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South Coast Cities share goals and challenges in 2024 and beyond

SANTA BARBARA, Calif. – The Santa Barbara South Coast Chamber of Commerce welcomed the leaders of Santa Barbara, Goleta and Carpinteria to share their goals and challenges going forward.  

The annual meeting of the State of the City luncheon was held at the Hilton Beachfront Resort.

South Coast Chamber of Commerce President & CEO Kristen Miller said, "the city lines may not impact our business so much so seeing them speak to each other as well as us is a  once a year phenomenon. Only once a year do we get them thinking about us all in a region."

The chamber said it is a convergence of vision, leadership, and collaboration that is critical for the future success of our local economy and community at large. 

Speakers included Mayors and City leaders of Goleta, Santa Barbara, and Carpinteria.

Attendees heard presentations from City of Goleta Mayor Paula Perotte, City of Santa Barbara Mayor Randy Rowse, and City of Carpinteria Mayor Al Clark. 

These presentations covered business growth and sustainability, economic development, infrastructure improvements, public safety, and community services.

City managers also sat in a session to talk about issues ranging from budget constraints from the state government to hiring and retention efforts.

Assistant Santa Barbara City Administrator Rene Eyerly said, "we are looking at around a seven million dollar deficit." She said the proposed budget will be presented at a City Council meeting in the next month. "Our revenue is not growing fast enough um to meet our expenses."

She said, Santa Barbara may consider going to the voters for a half cent sales tax increase.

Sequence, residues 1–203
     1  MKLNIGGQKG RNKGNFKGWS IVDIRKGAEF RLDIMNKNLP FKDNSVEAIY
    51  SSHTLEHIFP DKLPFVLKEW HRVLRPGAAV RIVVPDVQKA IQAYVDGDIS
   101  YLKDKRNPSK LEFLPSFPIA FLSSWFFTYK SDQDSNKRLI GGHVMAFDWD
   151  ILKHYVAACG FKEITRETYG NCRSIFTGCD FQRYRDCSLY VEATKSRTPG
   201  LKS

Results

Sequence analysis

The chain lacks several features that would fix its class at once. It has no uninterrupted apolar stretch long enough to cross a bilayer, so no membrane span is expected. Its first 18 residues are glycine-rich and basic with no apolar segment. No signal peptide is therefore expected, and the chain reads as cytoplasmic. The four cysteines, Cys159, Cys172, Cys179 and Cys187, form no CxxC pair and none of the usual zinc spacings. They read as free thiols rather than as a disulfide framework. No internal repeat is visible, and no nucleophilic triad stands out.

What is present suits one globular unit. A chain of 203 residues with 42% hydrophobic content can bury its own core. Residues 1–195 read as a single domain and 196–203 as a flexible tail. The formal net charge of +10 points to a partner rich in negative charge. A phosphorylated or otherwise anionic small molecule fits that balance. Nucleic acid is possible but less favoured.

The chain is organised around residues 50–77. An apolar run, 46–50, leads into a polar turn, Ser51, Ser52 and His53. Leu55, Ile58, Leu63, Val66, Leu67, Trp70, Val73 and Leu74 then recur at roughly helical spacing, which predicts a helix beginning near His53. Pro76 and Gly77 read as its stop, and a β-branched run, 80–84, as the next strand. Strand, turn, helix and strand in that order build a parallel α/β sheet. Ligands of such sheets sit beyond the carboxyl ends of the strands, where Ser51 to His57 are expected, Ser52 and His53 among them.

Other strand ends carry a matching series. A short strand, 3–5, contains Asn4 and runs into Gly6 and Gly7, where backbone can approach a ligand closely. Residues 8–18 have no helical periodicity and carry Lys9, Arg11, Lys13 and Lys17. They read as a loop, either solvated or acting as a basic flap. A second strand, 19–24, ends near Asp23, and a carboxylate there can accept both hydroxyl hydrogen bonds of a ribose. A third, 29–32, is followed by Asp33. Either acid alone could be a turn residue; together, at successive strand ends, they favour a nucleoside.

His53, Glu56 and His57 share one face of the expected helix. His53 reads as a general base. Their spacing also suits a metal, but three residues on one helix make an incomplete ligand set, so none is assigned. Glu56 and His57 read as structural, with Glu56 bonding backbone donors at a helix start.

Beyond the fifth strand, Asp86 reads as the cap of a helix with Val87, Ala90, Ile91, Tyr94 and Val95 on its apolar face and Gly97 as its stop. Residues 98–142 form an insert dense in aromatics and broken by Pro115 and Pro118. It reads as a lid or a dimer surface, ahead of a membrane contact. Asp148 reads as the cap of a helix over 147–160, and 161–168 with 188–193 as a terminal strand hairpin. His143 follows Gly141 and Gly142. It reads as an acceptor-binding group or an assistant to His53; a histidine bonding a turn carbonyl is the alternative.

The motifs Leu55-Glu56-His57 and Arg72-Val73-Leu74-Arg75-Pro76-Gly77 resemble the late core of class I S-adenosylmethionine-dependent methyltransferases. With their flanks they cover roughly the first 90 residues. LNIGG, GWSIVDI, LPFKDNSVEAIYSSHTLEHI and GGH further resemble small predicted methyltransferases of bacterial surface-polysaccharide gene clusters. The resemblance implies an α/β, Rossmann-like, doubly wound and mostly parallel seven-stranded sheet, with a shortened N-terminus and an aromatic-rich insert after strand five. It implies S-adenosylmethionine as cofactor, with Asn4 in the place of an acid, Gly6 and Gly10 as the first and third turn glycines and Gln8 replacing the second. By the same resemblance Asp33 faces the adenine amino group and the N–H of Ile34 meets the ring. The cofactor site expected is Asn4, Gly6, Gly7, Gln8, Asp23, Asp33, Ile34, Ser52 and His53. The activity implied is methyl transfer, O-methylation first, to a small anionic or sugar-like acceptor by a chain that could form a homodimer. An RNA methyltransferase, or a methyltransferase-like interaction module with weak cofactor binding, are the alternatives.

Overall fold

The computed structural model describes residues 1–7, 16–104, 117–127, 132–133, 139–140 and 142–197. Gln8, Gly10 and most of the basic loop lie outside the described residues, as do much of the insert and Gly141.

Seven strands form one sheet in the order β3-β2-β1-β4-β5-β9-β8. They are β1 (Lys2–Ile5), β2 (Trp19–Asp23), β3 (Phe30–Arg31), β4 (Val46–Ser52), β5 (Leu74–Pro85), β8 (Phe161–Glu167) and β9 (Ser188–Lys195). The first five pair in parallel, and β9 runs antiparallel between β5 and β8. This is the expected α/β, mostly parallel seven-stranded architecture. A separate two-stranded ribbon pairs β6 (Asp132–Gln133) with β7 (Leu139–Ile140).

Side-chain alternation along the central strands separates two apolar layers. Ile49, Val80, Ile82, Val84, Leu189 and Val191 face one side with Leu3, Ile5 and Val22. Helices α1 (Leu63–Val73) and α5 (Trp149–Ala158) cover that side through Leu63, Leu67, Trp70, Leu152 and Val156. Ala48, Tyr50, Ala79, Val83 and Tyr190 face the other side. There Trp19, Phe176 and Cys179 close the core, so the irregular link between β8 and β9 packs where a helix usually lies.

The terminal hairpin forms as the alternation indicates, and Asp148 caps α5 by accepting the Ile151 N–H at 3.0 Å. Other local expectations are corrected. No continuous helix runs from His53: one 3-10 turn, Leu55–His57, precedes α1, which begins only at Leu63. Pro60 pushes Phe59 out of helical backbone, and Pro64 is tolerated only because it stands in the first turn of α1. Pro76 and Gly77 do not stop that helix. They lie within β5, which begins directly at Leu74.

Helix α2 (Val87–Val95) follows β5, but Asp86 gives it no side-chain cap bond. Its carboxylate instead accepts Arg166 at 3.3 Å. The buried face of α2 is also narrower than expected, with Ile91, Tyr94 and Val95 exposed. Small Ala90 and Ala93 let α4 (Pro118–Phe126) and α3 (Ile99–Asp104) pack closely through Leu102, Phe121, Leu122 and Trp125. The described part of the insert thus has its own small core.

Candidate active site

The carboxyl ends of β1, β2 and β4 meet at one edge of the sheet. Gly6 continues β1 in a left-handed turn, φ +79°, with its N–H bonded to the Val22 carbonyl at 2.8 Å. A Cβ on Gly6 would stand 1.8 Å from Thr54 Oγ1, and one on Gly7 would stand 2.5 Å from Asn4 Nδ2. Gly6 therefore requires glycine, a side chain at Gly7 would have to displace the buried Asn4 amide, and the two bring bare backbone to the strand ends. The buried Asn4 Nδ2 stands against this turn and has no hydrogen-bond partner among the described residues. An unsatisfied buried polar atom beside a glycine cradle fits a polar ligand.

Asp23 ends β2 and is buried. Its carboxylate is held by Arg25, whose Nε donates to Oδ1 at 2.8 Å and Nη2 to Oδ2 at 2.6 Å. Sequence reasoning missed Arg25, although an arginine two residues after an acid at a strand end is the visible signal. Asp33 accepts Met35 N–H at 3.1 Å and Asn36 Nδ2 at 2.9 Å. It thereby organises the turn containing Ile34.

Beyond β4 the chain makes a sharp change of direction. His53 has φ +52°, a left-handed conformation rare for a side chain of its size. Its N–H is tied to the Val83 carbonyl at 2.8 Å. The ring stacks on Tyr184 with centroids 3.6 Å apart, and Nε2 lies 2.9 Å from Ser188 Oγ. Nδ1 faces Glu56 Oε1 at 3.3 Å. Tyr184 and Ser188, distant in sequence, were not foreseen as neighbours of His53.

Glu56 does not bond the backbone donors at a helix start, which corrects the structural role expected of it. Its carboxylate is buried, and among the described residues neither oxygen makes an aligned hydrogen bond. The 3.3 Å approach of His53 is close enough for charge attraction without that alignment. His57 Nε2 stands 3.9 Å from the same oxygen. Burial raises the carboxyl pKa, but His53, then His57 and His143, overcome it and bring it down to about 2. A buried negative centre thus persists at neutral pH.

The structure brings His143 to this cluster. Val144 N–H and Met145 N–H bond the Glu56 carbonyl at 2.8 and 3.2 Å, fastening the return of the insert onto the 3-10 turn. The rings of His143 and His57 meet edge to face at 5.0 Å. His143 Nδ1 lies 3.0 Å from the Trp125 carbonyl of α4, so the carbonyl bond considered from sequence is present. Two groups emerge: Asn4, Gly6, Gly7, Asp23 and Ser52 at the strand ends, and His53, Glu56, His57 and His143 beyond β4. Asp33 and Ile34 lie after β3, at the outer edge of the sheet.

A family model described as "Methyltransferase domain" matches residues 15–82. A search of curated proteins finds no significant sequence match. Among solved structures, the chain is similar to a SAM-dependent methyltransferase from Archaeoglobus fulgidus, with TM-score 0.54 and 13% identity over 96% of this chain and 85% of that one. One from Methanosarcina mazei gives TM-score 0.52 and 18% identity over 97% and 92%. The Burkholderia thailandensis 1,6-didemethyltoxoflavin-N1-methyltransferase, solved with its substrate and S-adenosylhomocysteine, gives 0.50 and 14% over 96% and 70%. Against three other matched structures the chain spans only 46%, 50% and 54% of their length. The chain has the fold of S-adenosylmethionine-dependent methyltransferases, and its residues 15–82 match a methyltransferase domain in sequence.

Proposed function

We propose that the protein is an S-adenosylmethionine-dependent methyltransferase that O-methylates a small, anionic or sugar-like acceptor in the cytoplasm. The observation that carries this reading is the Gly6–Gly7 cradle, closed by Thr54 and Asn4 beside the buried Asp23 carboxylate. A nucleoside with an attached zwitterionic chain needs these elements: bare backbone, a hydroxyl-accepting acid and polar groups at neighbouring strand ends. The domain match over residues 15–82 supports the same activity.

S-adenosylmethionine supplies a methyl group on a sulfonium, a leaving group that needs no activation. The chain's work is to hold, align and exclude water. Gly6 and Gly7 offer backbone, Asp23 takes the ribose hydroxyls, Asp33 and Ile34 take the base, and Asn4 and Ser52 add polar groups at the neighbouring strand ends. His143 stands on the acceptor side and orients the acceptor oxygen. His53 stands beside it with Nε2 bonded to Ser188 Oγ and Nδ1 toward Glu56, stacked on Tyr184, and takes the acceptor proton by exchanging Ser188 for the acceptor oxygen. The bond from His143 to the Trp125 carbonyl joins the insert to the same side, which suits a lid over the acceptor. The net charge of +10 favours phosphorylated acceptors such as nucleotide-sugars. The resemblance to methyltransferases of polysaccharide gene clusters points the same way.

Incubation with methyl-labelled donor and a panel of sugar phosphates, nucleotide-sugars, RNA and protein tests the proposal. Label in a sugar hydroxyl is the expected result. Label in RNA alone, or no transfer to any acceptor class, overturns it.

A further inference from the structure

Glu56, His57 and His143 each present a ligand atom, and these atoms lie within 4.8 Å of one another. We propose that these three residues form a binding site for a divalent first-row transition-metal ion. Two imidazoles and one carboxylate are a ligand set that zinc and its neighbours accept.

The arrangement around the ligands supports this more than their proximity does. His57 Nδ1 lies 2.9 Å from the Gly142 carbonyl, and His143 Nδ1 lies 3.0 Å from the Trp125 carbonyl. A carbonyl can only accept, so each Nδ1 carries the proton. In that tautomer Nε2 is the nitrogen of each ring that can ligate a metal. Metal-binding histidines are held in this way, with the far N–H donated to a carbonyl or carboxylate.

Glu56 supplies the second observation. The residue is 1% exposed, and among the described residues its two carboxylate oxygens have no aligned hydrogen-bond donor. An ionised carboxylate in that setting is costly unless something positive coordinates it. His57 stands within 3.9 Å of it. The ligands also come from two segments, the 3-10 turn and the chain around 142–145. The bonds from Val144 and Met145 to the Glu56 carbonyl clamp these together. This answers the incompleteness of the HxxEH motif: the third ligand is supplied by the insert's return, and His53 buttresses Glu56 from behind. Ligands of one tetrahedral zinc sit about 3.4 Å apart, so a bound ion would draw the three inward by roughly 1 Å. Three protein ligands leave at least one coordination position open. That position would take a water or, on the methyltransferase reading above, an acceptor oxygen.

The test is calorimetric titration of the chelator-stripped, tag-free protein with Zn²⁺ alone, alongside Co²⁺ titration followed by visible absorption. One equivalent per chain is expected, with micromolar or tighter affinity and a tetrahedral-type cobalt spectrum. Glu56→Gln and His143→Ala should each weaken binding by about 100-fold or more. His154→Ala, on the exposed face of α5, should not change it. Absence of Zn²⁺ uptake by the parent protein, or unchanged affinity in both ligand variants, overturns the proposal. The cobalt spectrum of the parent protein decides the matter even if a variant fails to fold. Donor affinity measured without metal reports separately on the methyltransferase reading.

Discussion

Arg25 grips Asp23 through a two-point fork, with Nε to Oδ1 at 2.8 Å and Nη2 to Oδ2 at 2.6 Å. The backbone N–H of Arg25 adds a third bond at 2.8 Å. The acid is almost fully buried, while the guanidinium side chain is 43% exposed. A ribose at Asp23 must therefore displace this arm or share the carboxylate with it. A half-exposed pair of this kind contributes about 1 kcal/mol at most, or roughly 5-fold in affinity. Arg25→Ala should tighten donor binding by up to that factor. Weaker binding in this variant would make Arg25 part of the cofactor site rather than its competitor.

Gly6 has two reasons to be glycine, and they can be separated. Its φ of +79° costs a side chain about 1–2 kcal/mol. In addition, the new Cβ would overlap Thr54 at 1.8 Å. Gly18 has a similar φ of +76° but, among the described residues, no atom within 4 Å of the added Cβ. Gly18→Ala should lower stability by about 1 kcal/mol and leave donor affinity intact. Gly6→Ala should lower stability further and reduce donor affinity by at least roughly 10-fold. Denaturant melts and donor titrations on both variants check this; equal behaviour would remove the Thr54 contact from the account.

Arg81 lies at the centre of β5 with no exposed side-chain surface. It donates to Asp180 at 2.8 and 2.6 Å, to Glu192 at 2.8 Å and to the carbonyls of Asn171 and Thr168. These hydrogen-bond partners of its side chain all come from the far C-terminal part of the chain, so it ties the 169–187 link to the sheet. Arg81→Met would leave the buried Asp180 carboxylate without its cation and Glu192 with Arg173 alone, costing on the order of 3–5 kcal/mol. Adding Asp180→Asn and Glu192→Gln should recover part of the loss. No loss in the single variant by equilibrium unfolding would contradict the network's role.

Housing issues were high up on the list of needs and also fining a formula to get a work force that lives locally. There were some indicators about the coming years showing through about the emplyees desire to live near their jobs. Goleta Mayor Paula Perotte said, "more and more people want to live and work here and businesses want to expand here. "

Carpinteria Mayor Al Clark said, even with challenges there are many aspects of living and visiting the region that draw people in. "The golden sun on our golden bodies and gold in the tills of hotels restaurants and bars and in our tax coffers," he said.

Housing plans by all three cities are in the works to meet the needs and state requirements.

Santa Barbara Mayor Randy Rowse said, "on Milpas and Carrillo from Paseo Nuevo to La Cumbre there are some truely transformative  projects  coming our way in the near future that will involve a lot of additional residential units."

Civic and community leaders filled the room of about of about 350 attendees.

Goleta City Manager Robert Nisbet said transient occupancy taxes are flat. "When I looked at the trend for  hotel tax two years in a row it actually was going down.   When I looked at the ten year year trend for Goleta that had never happened."

The costs of supplies has hit hard including what the bill is to pave roads.  In Carpinteria, waiting for prices to drop didn't work. Carpinteria City Manager Michael Ramirez said "we tried that twice, if anybody else in here tried it you know how well that went. You ended up getting less and paying more."

 In a room full of business leaders and government decision makers, the shared challenges were across the board. Miller said, "cities are evidentially seeing the same economic uncertainly businesses are so our concern is in order to make things better for the cities can we make things better for businesses."

Article Topic Follows: Santa Barbara - South County
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John Palminteri

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